As if Uber wasn’t already in enough hot water over recent claims by an employee about sexism within the organization, a new report has shed light on another troubling instance of inappropriate behavior that the company wished people wouldn’t hear about.
According to The Information, Uber CEO Travis Kalanick and his then-girlfriend, violinist Gabi Holzwarth, visited an escort-karaoke bar with five other employees in the South Korean capital of Seoul in 2014.
Holzwarth said that a number of women wearing numbered ID tags sat in a circle before being picked by the male Uber employees to join them. A female marketing manager for the company who was also in the group told Holzwarth that she’d complained to HR, as well as to Kalanick about the episode that “made her feel horrible as a girl (seeing those girls with number tags and being called out is really degrading).”
The story is emerging now because Holzwarth received a call three weeks ago from Uber’s senior VP of business Emil Michael, who was also on the company outing that night. According to Holzwarth, he expressed his fears about the incident being discovered by the media and asked her to simply say the group visited a karaoke bar.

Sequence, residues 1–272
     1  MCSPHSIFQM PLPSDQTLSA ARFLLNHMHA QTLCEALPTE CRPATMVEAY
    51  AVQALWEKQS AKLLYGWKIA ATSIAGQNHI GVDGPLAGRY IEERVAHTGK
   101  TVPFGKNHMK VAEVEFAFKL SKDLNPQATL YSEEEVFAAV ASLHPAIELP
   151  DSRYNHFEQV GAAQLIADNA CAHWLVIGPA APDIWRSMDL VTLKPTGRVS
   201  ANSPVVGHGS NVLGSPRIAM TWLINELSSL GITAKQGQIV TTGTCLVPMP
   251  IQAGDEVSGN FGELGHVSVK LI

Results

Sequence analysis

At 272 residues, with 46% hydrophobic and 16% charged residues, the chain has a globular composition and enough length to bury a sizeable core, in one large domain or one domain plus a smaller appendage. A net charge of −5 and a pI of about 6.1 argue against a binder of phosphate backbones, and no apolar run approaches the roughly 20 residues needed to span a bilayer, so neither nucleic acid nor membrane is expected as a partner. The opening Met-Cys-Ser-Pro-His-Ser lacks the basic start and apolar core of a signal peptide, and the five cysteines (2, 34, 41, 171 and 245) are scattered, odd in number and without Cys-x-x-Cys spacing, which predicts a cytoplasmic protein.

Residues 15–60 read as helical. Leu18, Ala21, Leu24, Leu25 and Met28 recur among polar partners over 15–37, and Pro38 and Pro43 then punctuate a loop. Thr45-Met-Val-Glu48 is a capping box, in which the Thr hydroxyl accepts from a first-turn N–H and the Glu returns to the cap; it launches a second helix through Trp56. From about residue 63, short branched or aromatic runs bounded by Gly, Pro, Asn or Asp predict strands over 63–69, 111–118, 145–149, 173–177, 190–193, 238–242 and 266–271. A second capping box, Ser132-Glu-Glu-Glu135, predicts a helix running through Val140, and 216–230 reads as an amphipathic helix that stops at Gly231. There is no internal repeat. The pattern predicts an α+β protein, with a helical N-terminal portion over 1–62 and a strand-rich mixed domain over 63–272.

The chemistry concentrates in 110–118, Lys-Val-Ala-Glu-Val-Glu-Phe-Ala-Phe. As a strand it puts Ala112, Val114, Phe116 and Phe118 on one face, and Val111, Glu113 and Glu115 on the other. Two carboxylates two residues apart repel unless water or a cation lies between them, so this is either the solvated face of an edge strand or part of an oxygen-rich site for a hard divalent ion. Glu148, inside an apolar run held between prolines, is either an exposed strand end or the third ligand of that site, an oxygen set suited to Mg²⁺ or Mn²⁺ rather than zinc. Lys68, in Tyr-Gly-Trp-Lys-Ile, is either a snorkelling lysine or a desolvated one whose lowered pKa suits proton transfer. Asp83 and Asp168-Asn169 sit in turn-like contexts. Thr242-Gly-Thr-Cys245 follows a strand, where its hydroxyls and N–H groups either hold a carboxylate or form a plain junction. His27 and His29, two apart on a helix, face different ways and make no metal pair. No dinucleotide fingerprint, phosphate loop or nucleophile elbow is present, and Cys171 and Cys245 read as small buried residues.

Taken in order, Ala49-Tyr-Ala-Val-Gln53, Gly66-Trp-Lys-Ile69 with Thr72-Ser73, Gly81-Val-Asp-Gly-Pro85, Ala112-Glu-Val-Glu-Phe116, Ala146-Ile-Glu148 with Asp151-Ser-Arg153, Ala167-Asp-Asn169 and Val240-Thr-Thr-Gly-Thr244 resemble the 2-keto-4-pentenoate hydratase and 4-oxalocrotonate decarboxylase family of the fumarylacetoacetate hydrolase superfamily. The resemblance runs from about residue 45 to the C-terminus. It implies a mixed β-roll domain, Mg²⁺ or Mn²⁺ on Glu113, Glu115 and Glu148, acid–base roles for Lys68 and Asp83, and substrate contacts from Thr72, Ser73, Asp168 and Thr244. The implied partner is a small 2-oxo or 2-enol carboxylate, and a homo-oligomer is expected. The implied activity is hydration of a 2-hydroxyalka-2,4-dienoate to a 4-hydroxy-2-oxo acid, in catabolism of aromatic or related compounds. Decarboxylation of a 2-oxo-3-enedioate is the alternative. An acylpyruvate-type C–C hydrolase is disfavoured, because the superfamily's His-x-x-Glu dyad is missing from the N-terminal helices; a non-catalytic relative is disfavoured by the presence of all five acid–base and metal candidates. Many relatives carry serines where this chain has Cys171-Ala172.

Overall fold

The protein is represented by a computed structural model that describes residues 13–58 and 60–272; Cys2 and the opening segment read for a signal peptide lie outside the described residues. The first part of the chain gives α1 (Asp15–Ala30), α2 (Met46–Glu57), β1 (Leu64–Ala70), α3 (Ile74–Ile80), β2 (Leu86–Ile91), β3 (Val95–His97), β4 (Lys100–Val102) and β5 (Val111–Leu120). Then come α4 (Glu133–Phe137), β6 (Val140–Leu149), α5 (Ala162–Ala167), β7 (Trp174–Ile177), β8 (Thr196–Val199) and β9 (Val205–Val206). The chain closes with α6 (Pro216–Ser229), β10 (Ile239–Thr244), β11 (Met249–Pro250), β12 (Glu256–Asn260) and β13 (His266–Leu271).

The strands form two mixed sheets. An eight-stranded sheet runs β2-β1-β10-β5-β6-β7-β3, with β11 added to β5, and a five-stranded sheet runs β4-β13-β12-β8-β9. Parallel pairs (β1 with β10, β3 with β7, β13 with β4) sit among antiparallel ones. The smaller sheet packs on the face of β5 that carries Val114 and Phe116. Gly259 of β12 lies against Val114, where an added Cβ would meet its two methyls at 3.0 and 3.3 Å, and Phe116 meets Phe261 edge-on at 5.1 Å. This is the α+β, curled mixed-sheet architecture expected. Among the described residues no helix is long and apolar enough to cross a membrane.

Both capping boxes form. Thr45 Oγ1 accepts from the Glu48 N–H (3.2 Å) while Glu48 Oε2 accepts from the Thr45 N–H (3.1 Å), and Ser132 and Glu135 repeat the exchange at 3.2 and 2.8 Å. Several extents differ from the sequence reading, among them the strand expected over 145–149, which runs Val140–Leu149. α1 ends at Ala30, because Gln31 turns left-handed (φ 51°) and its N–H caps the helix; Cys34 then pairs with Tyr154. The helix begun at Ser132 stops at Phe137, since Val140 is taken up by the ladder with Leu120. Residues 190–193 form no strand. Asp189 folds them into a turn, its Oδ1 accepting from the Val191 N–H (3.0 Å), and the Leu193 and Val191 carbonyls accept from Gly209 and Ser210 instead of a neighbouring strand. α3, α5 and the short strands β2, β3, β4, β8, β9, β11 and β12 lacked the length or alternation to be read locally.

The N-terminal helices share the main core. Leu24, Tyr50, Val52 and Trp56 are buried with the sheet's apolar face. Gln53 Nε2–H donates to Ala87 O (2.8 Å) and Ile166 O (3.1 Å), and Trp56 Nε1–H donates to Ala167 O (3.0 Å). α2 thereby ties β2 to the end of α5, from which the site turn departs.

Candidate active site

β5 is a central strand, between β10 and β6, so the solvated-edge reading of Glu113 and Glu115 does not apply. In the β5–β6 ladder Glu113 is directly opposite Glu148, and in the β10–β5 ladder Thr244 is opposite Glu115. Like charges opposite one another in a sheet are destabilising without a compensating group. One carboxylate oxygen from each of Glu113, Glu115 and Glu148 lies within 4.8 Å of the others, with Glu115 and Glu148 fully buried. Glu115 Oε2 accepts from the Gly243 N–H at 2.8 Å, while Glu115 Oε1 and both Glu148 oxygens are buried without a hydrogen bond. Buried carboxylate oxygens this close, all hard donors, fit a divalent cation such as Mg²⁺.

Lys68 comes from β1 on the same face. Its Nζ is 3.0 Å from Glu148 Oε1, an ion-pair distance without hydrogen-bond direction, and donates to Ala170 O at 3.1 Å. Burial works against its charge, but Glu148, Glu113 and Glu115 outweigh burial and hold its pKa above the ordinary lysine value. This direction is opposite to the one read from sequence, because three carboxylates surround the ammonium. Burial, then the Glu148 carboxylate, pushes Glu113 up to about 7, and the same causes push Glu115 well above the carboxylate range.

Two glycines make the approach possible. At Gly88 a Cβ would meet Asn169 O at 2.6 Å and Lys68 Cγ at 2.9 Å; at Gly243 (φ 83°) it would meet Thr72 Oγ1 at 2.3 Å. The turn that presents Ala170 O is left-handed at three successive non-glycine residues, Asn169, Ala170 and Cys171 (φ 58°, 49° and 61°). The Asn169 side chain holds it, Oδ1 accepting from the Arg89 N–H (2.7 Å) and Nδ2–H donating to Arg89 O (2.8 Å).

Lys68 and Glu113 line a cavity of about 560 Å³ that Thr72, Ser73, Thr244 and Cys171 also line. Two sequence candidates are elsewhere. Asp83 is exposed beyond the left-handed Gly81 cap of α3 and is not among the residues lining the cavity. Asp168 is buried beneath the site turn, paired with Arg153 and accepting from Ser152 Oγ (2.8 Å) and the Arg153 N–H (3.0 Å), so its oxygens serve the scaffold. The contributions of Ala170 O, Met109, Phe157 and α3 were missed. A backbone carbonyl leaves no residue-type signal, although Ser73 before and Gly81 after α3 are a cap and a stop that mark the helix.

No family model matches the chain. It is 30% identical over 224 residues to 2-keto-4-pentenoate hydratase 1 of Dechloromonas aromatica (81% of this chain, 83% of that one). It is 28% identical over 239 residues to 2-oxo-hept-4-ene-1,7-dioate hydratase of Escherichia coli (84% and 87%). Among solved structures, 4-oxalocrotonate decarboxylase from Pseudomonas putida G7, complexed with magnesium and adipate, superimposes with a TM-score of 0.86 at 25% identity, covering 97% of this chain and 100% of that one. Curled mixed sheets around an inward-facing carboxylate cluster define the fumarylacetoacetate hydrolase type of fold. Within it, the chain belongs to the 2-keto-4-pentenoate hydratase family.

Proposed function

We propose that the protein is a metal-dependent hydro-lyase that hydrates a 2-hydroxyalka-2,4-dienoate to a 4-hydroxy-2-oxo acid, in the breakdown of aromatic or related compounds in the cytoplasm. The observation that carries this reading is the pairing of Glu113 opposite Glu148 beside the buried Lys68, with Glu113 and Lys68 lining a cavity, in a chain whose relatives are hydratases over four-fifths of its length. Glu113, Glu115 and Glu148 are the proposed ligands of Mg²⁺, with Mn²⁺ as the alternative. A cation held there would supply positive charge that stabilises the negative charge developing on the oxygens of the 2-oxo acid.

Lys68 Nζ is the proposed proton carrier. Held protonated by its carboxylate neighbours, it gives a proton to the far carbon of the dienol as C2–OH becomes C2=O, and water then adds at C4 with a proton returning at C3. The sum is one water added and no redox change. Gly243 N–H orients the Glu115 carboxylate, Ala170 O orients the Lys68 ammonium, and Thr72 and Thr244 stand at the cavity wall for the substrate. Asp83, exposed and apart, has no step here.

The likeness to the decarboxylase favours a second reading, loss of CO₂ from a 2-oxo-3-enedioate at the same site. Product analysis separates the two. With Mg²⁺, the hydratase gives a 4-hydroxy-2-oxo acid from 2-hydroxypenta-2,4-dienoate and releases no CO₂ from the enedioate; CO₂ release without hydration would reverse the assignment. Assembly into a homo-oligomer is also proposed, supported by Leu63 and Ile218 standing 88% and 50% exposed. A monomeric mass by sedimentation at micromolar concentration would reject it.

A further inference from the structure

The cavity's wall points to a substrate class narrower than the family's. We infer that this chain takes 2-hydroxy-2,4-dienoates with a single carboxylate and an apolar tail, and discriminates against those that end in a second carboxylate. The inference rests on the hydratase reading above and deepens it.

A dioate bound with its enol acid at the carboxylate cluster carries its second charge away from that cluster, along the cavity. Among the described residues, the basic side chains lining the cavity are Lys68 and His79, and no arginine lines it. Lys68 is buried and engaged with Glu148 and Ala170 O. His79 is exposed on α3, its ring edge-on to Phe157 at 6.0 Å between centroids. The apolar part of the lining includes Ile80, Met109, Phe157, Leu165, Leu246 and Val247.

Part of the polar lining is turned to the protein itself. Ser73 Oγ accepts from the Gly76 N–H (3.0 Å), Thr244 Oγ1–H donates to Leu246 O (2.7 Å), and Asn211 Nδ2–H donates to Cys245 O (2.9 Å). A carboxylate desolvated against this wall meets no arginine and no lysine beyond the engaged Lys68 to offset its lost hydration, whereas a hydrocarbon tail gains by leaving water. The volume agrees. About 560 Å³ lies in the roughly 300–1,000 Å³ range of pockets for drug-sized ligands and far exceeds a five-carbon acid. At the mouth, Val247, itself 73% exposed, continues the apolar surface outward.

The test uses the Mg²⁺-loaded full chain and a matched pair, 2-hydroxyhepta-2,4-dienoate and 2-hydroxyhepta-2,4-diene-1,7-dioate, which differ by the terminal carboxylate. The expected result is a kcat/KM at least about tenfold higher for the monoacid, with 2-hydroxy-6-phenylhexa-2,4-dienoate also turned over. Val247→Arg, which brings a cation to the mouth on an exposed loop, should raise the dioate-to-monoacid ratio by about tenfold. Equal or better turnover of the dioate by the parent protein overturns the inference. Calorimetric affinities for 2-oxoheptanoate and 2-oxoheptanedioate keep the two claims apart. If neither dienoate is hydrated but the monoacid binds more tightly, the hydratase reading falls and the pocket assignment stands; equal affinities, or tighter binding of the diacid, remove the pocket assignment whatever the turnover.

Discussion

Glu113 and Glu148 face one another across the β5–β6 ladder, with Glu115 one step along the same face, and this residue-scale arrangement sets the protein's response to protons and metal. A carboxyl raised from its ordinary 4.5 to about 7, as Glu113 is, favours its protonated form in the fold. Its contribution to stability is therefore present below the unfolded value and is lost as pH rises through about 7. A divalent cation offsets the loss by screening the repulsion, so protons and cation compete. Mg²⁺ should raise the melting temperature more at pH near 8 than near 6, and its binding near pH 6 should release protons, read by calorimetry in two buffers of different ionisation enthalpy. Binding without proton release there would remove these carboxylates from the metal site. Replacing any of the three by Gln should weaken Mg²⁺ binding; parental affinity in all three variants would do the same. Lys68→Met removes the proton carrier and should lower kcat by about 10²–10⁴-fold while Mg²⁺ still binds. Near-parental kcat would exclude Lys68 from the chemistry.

It isn’t clear how Uber handled the issue internally. Speaking about his correspondence with Holzwarth, Michael – who previously suggested hiring researchers to dig up dirt on journalists so as to help the company fight negative press – told The Information, “Her recollection of this conversation was different from mine and I am very sorry if the purpose of my call was misunderstood.”
Holzwarth also noted that around the time Holzwarth messaged the female Uber employee more than a year after the incident, Kalanick spoke to the marketing manager on the phone and told Holzwarth that he suspected his employee “must have a lawyer and wants something.”
Just over a month ago, former Uber engineer Susan Fowler published a blog post alleging displays of sexism within the company. Following that, the company launched an internal investigation into the issues highlighted by Fowler; it’s being led by former US Attorney General Eric Holder and legal counsel Tammy Albarran, as well as board member Arianna Huffington.
The company also saw its president Jeff Jones resign last week after just six months in his new role, citing differences between his and Uber’s approach to leadership. Kalanick & Co. are also on the hunt for a new COO.
Given the current scenario, Uber will need to work long hard to fix what Holzwarth has described as ‘systemic workplace problems and questionable management practices’ within its organization.
We’ve contacted Uber for further comment and will update this post if there’s a response.
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